A quick guide to setting up and laying concrete


Laying concrete should be an exciting part of you project providing you have prepared your area correctly

Preparing The Base For Concrete:

The preparation needed will depend on:

  • The existing surface
  • What the concrete will be used for
  • Measure and mark out the area where you want to concrete, using a string line and wooden pegs, ensuring that the corners have a 90 degree angle.

Key Points of Advice:

  • Your base must be 75mm larger than the finished slab to allow for formwork
  • Clear the area of stones and plants and excavate to a minimum depth of 100mm (deeper for soft ground)
  • The ground should be levelled and well compacted using a small garden roller or a lump hammer to provide a base for your concrete
  • A layer of hardcore of a minimum of 100mm is needed for a sub-base and should be well compacted

In all cases, if you have an architect design or an engineering design you should seek guidance from them or your architect.

Setting Up A Concrete Framework

The formwork is made up of timber planks 25mm thick that go around the edge of the area you want to concrete. This will support the concrete as it hardens and also is used to form a level.

When building your formwork it is important to remember to allow for run off, allowing water to drain from the surface and to knock some of the timber planks deeper than others (use a spirit level to check this). 

As a guide, an area of concrete 2m wide should have a drop of 25mm to prevent standing water.

If you are laying a circular concrete base, you could use a rope or hosepipe to mark the outline of the curve you want to follow. 

The pegs and string will need to be closer together to maintain the curve and the timber will need to be cut to about half its depth on the side that will form the inside of the curve.


Tips For Pouring Your Concrete Into The Project Area

Tamping Concrete:

A tamping tool can be as simple as a piece of wood with a good straight edge ensuring it’s longer than your form. You can also get metal tamps with handle bars, making the tamping movement easier! 

With one person at each end, raise it above the form before bringing it back down. Ideally this process should be repeated twice across the whole area of the poured concrete.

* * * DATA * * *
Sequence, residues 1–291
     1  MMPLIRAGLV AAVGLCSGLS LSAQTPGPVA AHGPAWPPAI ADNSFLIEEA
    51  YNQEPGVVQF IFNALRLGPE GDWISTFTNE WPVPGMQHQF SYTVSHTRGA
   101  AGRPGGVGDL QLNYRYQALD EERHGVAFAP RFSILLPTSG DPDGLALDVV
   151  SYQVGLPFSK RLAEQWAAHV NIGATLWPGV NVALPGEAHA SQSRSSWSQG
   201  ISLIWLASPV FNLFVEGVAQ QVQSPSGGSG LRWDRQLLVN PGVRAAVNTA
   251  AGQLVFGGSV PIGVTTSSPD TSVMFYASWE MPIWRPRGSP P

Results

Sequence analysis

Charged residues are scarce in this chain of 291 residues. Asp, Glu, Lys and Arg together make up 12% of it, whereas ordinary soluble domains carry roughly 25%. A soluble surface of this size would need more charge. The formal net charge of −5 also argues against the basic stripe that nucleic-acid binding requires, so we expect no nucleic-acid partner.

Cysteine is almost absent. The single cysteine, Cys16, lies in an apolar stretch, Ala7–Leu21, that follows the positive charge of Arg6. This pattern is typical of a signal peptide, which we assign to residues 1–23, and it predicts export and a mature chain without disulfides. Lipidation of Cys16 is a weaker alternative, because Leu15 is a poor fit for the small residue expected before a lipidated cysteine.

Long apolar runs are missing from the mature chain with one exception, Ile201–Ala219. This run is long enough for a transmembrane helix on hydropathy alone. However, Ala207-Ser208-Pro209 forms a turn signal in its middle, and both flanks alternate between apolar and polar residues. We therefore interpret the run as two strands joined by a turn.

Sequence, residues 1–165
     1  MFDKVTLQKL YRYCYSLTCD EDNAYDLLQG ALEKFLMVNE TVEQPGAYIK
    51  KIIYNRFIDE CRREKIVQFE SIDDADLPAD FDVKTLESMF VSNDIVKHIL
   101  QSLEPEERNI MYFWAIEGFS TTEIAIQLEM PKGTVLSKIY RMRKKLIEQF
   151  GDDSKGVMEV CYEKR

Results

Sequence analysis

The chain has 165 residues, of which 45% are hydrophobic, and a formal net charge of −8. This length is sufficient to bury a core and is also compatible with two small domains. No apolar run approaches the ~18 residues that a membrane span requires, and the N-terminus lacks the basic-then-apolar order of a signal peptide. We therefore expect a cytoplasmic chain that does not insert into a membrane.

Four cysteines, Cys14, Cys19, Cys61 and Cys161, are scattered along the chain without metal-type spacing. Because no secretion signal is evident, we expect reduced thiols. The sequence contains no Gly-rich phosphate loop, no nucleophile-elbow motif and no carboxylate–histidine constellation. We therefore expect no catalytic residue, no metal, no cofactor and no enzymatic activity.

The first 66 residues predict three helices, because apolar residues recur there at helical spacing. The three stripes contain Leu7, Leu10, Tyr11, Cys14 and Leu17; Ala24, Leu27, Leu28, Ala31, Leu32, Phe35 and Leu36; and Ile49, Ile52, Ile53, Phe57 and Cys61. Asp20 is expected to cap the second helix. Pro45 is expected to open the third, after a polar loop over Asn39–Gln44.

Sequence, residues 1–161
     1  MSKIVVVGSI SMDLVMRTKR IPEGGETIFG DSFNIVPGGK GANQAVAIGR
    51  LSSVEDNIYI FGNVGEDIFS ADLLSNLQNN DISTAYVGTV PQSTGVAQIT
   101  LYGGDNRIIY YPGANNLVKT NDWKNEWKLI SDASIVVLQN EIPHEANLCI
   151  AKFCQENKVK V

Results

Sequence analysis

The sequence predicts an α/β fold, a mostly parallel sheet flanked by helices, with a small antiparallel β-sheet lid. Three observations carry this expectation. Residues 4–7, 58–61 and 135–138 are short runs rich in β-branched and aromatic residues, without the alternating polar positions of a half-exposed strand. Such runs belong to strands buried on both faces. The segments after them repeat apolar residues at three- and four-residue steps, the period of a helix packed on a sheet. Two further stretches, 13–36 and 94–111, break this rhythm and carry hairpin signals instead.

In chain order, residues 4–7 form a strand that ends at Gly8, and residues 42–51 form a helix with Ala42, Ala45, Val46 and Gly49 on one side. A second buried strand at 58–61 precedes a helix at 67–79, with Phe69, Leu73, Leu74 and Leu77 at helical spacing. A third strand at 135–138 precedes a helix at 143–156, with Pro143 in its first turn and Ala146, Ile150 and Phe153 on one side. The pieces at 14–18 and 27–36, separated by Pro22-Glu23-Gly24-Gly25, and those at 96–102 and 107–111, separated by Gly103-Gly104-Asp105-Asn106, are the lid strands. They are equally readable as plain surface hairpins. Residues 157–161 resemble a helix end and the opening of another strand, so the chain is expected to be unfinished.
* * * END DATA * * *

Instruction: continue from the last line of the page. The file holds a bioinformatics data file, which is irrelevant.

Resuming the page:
Top Tip:

It is best to level the concrete before tamping. To do this, use a sawing motion with the tamping tool across the surface of the concrete against the formwork whilst moving slowly forward. Anyone helping onsite can drag the excess concrete from the approaching tamping tool to make your life easier and help ensure the concrete is distributed more evenly. 

Be sure to check that the concrete gets into the corners of your forms and that there are no low spots. If there are then fill these in and repeat the tamping process. 

Setting And Curing

In order to allow your concrete to cure, and prevent cracking, we have listed some top tips. These should help your concrete drying out too quickly: 

  • Without the sheeting touching the concrete, cover the concrete with polythene sheeting weighted down at the edges
  • Leave covered for ideally seven days in summer and ten in winter to allow it to cure before removing the covering
  • Allow an additional day before removing the formwork to ensure that it is set.

What About Damp Proofing?

Lining the base where your concrete is going to go will help with damp proofing:

  • Use polythene sheeting thicker than 0.010 (known as 1,000 gauge)
  • Spread the sheeting over the sub-base, ensuring the edges are turned up at the wall to form a tray
  • Where there are joints; ensure they are overlapped and secured with waterproof tape. Please contact your local sales office, when you need watertight concrete or jointing materials.
  • Remove any rain water that maybe sitting on top of the sheeting before your concrete delivery

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